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Former CIA official, convicted for rendition, held as fugitive in Panama
Muslim cleric Hassan Mustafa Omar Nasr was snatched on a Milan street in February 2003, and emerged from an Egyptian prison four years later claiming he had been tortured.
Robert S. Lady, who had been the CIA Milan station chief at the time, was later convicted in absentia of kidnapping, along with 21 other U.S. intelligence personnel and contractors. Lady was sentenced to nine years in prison and became a fugitive from Italian justice last December, when his conviction was confirmed by an appeals court.
Italian Justice Minister Annamaria Cancellieri has signed a request for Lady to be detained provisionally in Panama and Italy has two months to file a formal extradition request, according to Italian newspaper Gazetta del Sud.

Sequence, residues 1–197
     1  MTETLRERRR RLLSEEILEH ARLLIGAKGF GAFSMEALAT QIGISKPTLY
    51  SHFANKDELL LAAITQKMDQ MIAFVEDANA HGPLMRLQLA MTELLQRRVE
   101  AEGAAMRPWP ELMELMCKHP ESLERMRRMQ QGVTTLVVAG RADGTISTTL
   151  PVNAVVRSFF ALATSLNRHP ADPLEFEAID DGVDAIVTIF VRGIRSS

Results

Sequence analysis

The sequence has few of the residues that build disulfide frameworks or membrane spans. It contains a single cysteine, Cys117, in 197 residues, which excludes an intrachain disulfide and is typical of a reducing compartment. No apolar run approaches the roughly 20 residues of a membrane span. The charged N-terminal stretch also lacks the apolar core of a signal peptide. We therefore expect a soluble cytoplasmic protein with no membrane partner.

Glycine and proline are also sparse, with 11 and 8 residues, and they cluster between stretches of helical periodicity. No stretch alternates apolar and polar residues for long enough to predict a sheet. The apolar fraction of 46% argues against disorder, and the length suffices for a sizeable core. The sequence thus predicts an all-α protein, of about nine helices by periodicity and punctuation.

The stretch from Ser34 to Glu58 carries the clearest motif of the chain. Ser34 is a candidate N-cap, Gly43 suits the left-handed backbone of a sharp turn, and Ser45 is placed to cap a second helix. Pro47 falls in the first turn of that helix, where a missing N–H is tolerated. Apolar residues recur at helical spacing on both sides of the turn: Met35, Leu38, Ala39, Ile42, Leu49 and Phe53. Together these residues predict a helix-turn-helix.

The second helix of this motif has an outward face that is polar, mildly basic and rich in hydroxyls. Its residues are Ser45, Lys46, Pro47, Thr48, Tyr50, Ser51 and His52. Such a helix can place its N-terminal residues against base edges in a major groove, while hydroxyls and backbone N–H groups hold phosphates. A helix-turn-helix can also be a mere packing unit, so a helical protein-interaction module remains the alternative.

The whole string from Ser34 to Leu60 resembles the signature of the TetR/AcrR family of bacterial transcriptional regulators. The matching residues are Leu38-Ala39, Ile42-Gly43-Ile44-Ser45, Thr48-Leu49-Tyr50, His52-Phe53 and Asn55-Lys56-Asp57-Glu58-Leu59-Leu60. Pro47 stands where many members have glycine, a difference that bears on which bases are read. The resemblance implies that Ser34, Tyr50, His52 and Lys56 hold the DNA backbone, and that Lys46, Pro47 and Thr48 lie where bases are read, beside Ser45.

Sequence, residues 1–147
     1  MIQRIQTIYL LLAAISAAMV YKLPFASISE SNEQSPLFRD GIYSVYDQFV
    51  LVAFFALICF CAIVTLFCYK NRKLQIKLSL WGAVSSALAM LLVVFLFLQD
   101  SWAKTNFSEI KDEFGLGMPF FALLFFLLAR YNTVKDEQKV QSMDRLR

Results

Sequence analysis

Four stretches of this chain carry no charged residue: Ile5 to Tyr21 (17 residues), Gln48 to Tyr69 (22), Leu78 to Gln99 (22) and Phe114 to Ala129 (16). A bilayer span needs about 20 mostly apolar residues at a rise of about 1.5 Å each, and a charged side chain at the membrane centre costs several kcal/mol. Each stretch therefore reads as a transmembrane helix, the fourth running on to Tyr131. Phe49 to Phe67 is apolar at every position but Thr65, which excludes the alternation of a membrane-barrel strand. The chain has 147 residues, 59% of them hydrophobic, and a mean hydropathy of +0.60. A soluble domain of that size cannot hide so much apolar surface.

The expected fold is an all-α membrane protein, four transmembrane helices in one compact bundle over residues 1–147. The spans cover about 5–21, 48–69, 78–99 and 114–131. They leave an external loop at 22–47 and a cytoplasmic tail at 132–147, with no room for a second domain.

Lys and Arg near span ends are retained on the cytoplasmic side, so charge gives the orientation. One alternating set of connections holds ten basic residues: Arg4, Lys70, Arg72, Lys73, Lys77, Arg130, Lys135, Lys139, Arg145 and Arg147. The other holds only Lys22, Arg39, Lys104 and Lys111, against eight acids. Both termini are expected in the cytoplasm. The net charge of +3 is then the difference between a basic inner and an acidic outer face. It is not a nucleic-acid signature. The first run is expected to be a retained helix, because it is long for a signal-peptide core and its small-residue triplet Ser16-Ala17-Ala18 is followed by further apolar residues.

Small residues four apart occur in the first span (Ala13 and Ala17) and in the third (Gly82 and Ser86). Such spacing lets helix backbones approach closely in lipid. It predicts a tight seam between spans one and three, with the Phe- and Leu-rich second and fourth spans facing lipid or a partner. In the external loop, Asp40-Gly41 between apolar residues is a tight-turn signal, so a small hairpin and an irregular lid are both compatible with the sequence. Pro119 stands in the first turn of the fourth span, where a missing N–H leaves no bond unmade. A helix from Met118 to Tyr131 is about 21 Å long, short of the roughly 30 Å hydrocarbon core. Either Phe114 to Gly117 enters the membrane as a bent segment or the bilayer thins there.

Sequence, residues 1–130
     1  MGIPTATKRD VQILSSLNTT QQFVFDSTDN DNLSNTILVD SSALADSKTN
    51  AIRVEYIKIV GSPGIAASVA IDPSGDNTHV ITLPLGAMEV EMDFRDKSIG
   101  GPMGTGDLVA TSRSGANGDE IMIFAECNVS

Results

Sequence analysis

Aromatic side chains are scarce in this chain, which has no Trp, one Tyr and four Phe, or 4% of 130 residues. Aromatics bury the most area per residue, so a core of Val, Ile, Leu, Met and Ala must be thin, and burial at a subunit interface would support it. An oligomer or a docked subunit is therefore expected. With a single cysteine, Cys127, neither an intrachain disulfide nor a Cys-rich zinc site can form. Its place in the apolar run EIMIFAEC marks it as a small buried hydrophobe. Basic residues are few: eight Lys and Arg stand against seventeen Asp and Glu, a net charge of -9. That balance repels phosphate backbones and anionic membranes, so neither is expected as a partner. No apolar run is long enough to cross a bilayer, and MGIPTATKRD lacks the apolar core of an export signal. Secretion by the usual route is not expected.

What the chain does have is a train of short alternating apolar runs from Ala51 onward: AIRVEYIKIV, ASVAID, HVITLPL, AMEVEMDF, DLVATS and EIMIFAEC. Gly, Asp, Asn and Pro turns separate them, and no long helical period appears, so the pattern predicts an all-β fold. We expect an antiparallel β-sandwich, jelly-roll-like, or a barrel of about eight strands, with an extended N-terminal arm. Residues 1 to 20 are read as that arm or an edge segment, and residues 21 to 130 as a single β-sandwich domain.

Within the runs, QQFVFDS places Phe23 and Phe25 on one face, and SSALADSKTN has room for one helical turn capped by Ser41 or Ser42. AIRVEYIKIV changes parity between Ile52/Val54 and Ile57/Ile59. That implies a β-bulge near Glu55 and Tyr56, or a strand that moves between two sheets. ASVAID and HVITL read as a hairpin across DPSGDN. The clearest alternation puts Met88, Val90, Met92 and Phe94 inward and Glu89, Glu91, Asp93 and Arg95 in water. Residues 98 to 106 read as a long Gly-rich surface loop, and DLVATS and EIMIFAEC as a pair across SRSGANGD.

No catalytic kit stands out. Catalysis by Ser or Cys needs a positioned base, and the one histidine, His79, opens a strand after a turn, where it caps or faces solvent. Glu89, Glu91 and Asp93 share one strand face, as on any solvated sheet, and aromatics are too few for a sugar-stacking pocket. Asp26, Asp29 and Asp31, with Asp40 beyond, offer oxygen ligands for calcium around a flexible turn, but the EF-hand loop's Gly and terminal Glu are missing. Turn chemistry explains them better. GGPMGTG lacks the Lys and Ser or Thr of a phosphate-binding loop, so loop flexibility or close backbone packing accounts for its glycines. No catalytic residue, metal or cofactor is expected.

Panamanian Security Minister Jose Raul Mulino told the Associated Press that he was unaware of the detention. The CIA had no immediate comment.
The case was the first forensically documented case of rendition — the CIA’s practice of siezing suspected terrorists and transporting them to third countries.
The countries chosen as destinations often routinely employ torture, as in Egypt, and rendition has been condemned by human rights groups as a violation of international anti-torture treaties.
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About the Author
Shaun Waterman is an award-winning reporter for The Washington Times, covering foreign affairs, defense and cybersecurity. He was a senior editor and correspondent for United Press International for nearly a decade, and has covered the Department of Homeland Security since 2003. His reporting on the Sept. 11 Commission and the tortuous process by which some of its recommendations finally became ...
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